When our children ask, “Why do those people live under a bridge?” how should we respond? Learn how to talk about houselessness with kids.

Classroom teachers, use Learning for Justice Social Justice Standards to guide your work. It’s broken into grade bands and even has child-friendly language.

6. Act Justly

When a student witnesses injustice, we want them to be equipped with the knowledge and skills on what to do. Students should feel empowered to act alone or with others against unfairness, prejudice, or racism. Remember, what you do is as important as what you say. As you practice activism, share your stories with your learners. Be open and honest about your experience.

Expect and practice advocating with your learners. Here are some of my favorite phrases to utilize in the classroom: 

  • If someone is making fun of someone: “We all get to be different.”
  • If someone interrupts them: “Please don’t take my turn.” 
  • If someone said something wrong: “That’s not accurate. Let’s look it up.”
  • If you witness someone being unkind: “You are being mean. And, that is not okay?”
  • If you heard someone sharing a racist idea: “That’s rooted in racism.”

“Sometimes we are blessed with being able to choose the time, and the arena, and the manner of our revolution, but more usually we must do battle where we are standing.” — Audre Lorde

7. Hold Critical Conversations

A critical conversation needs to happen when someone has said something or done something that’s rooted in discrimination, harm, exclusion, or othering. Ask yourself, if this conversation doesn’t happen, will the ignorance and behavior persist or might I have the impact to change the outcome? Learn how to hold a critical conversation here.

8. Teach Language

Language matters because it informs the seriousness of a situation. Introduce and teach the definitions to help learners understand and move to action. Begin by defining the following words: racism, discrimination, stereotype, prejudice, and bias. And when your students uphold stereotypes, make sure to respond with curiosity, not shame. 

Here are some definitions to get started:

  • Bias: shortcuts our brains make to help us make faster decisions and organize all of the information we’re learning
  • Prejudice: having opinions or ideas about a person without actually knowing them.
  • Stereotypes: shortcuts where we attribute traits or tendencies to an entire group (good or bad)
  • Discrimination: when people act on those negative opinions, assumptions, or attitudes (prejudices). It’s when we deny individuals or groups of people fair treatment
  • Racism: personal prejudice, systemic misuse, and abuse of power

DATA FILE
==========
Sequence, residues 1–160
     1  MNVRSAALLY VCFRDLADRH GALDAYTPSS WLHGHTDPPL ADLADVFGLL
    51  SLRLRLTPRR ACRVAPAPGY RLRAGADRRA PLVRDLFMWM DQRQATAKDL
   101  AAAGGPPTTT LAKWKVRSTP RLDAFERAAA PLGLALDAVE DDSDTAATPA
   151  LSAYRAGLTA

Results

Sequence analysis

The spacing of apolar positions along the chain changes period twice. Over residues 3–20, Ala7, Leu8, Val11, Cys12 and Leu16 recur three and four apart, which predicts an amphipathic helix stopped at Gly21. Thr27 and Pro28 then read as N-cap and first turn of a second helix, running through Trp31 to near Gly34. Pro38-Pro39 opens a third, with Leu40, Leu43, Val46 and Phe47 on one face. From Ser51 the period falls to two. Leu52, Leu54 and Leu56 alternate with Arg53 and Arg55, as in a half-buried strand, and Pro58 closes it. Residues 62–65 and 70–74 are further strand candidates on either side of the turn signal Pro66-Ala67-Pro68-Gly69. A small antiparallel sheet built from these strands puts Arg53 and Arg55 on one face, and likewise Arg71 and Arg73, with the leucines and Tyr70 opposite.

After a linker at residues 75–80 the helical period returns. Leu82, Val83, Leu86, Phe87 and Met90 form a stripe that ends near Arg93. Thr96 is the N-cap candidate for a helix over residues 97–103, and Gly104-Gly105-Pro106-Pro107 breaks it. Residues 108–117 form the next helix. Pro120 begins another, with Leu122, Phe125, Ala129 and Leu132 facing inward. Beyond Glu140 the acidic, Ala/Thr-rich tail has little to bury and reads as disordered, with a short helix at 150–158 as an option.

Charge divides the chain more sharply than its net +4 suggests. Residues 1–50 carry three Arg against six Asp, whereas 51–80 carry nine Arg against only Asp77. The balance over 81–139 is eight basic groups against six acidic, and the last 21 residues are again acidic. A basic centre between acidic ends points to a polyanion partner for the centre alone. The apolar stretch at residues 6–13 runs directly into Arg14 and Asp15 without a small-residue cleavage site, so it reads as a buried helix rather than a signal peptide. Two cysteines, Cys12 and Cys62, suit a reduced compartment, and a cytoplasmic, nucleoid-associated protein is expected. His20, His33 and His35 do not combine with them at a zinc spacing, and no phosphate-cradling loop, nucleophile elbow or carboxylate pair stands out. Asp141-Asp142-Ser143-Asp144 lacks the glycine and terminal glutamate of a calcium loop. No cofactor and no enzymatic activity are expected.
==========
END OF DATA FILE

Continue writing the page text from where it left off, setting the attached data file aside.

9. Learn Dynamics

We want our students to be able to recognize the dynamics of power and privilege—inside and outside an antiracist classroom. On the individual, group, and institutional level, help students understand privilege and process how they have been impacted by these dynamics. Learn more by reading, “Destigmatizing Privilege” by Liz Kleinrock.

“Privilege can be a sticky subject, but this teacher introduces it to her fourth-graders as a tool they can use to elevate others.” Liz Kleinrock

10. Learn History

We want our students to be able to identify historical events, figures, and philosophies that belong to the history of social justice globally. Learning history honors the experiences of people who suffered due to white domination and celebrates the efforts of those who fought for change. Use books as tools for liberation. 

Teaching for Change has carefully curated this booklist focused on people’s history and social justice books that have been adapted for young readers. 

My personal favorites are:

You don’t need to wait until Juneteenth to celebrate and learn about its history. Learn how to celebrate Juneteenth with your family and friends.

Your Antiracist Classroom

When we commit to collectively talking about fairness, equality, and justice with young children, we begin to envision a world in which not only children but all people are treated with dignity; free from the burden of unfair assumptions based on a single characteristic. It becomes a world where we actively challenge racism and bias each and every day for a more just and compassionate world. Want more resources? Explore workshops and guidance for educators

Raising inclusive, antiracist children is a noble goal for any parent, caregiver, or educator—start with this book.

Buy The Book

Development North Star Sites
Photography Bethany Brewster